His first four runs of 2018 indicated that was solid enough thinking, even if he did finish second behind Romanised in the Irish 2000 Guineas at the Curragh.
In his last race, prior to Saturday, U S Navy Flag was a poor ninth of ten behind John Gosden’s Without Parole in the St James’ Palace at Royal Ascot and that seemed to confirm he was best ignored for future reference. But then O’Brien dropped him down to six furlongs in the July Cup, his three previous outings were over a mile, and U S Navy Flag bounced out and made all to beat the best sprinters around. It was a display that just defied logic.
And, of course, the plan now is for him to head to the richly endowed six furlongs The Everest at Randwick in Australia in October.
What you have just got to love about O’Brien is his determination to race his horses again and again, with no thoughts of wrapping them in cotton wool and rushing off to stud.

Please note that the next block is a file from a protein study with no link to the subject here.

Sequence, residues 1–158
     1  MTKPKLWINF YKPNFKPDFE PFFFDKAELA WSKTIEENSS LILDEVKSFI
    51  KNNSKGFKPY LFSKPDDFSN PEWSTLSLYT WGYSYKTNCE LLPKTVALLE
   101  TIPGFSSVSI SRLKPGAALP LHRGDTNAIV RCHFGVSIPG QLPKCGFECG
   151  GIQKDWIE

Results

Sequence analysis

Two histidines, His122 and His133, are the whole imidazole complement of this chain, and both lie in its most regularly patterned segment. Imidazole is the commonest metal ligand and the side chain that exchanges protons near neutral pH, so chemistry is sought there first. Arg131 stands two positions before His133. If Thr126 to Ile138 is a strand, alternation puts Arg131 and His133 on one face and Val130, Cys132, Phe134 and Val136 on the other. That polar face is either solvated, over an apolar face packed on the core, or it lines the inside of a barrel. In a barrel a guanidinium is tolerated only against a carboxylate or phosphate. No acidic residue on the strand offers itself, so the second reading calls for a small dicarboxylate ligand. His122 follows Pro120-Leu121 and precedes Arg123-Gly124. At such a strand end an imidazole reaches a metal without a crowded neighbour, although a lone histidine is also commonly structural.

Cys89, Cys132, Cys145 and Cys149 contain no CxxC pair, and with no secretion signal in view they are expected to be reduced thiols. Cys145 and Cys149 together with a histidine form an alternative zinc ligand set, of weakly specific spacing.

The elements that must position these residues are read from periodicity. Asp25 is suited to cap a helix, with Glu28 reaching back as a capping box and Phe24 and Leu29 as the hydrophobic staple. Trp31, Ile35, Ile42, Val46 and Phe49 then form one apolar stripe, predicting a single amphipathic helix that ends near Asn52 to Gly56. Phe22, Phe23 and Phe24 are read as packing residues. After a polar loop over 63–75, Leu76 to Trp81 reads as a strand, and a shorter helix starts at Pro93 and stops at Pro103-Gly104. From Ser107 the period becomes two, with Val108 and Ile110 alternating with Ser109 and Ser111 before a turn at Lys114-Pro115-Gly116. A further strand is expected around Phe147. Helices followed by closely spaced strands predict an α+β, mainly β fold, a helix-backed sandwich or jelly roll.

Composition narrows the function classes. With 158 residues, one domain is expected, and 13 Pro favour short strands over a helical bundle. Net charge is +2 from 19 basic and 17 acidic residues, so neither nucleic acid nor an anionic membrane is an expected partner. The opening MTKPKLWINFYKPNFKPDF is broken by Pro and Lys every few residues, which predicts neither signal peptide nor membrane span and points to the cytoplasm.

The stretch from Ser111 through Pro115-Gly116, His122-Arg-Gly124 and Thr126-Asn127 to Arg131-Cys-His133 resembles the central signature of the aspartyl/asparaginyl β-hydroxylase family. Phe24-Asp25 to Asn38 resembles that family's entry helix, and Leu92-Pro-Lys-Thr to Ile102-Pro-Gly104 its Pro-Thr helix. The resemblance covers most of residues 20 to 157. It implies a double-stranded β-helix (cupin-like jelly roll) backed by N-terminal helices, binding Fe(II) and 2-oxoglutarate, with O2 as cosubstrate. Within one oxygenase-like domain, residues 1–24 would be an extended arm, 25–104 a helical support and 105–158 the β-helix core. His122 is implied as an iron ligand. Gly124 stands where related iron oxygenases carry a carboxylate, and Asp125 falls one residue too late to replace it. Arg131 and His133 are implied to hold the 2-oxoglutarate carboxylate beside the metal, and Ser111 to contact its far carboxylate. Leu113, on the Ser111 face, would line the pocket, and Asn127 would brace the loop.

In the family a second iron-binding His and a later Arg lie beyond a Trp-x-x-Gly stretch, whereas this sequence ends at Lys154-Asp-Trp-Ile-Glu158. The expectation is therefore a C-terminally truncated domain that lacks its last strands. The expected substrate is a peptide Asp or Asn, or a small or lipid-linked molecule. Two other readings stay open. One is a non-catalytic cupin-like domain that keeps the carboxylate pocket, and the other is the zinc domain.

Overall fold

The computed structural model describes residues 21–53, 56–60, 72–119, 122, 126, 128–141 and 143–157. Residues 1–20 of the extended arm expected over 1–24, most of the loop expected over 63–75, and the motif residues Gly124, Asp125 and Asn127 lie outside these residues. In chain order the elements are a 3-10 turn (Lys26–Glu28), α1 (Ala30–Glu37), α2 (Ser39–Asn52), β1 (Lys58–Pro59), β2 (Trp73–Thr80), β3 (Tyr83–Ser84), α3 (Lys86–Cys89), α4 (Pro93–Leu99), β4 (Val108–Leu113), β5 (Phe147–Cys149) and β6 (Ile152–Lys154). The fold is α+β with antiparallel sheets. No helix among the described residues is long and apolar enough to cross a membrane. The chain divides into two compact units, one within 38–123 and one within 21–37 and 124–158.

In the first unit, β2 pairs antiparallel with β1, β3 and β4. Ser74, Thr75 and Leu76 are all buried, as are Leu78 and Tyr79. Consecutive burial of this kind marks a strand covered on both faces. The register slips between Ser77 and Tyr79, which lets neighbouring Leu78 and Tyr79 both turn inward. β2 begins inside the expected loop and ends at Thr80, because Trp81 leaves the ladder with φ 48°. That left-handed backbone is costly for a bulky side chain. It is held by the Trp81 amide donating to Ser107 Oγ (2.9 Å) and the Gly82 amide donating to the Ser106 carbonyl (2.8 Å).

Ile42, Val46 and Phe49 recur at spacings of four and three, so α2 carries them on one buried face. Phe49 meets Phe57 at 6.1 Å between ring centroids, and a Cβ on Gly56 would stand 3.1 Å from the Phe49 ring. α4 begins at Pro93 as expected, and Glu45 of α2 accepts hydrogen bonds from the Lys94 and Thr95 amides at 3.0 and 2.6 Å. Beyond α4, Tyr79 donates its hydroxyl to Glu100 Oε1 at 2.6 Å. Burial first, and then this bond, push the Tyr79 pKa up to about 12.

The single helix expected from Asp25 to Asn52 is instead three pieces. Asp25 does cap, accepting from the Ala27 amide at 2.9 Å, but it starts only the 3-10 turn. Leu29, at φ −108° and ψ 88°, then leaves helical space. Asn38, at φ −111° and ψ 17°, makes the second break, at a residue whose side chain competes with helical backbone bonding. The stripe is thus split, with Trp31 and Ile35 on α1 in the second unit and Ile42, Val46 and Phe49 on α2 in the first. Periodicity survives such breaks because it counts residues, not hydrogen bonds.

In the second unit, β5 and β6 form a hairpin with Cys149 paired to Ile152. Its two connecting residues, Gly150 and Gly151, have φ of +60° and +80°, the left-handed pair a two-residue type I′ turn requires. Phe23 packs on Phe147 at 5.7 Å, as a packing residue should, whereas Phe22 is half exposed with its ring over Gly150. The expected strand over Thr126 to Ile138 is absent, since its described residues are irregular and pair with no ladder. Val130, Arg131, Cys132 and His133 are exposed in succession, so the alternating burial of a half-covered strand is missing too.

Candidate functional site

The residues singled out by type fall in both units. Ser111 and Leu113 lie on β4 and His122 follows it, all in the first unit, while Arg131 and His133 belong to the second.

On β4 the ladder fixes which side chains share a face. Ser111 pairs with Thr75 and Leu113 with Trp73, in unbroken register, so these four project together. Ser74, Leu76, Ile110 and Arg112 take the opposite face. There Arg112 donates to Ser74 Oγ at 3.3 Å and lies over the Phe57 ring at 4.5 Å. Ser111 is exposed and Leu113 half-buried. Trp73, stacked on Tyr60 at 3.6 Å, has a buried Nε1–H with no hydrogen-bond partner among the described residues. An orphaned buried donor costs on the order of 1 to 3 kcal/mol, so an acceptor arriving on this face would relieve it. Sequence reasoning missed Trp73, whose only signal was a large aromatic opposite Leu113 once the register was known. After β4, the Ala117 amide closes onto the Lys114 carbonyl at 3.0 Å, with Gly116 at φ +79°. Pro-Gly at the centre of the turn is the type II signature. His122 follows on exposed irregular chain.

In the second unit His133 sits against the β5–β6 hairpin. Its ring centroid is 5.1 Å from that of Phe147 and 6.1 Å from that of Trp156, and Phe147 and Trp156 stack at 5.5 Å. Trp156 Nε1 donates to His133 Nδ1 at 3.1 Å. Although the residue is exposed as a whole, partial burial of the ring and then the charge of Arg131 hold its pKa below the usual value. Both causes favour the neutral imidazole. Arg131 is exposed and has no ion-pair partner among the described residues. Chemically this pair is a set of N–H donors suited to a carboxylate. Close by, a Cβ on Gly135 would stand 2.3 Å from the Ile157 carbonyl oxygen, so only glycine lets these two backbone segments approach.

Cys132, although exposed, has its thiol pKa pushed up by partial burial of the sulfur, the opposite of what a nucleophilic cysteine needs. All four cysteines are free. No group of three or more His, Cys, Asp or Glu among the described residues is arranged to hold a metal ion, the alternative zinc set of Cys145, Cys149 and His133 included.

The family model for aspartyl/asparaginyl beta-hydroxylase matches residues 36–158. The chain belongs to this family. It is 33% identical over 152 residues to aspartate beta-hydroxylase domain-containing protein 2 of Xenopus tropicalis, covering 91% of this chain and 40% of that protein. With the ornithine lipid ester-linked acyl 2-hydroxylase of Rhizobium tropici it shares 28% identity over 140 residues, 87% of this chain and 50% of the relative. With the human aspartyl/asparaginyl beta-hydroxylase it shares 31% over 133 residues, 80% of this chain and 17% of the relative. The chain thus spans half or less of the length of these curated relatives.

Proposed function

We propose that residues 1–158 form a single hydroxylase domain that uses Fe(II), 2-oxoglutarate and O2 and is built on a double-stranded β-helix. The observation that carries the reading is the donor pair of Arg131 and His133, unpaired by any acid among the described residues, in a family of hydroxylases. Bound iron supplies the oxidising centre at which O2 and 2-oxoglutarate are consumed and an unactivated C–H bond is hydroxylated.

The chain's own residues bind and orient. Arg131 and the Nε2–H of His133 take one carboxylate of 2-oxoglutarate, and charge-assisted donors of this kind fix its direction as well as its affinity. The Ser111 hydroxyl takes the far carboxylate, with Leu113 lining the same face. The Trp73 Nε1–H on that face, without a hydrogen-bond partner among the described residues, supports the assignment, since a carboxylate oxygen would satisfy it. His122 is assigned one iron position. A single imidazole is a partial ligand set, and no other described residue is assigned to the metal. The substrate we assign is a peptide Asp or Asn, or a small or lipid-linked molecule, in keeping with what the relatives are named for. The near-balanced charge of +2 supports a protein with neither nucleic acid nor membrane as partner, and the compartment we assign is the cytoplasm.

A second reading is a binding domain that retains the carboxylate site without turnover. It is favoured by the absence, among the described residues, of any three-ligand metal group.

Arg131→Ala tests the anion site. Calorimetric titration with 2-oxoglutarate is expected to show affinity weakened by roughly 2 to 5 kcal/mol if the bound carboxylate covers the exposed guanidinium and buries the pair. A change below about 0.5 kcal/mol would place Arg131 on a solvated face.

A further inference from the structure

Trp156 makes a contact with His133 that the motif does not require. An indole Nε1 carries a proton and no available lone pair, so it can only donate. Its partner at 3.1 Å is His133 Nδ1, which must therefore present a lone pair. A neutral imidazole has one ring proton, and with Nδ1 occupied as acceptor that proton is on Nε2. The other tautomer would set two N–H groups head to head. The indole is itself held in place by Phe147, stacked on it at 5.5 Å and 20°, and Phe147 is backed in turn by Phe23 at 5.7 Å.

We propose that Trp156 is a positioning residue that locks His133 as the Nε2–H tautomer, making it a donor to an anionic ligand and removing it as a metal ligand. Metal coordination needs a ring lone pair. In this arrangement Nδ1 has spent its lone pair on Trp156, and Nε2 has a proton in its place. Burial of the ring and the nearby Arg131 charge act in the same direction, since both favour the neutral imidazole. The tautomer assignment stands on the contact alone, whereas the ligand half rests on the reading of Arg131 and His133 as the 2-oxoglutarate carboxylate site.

Indeed, he said that was very much now the policy of Ballydoyle-Coolmore in an interview with ITV on Saturday, after U S Navy Flag had won. Basically, he indicated there is to be no hiding place for his horses, with a view to stallion duties down the line.
It is a fantastic policy and who wouldn’t want to own or train a horse by U S Navy Flag, as tough a devil as ever set foot on a racecourse.
O’Brien’s attitude seems to be boys and girls you live in a five-star facility, with everything laid on for you, but with that comes responsibility. Your responsibility is go and do what comes naturally anyway, race and race and race some more — when requested.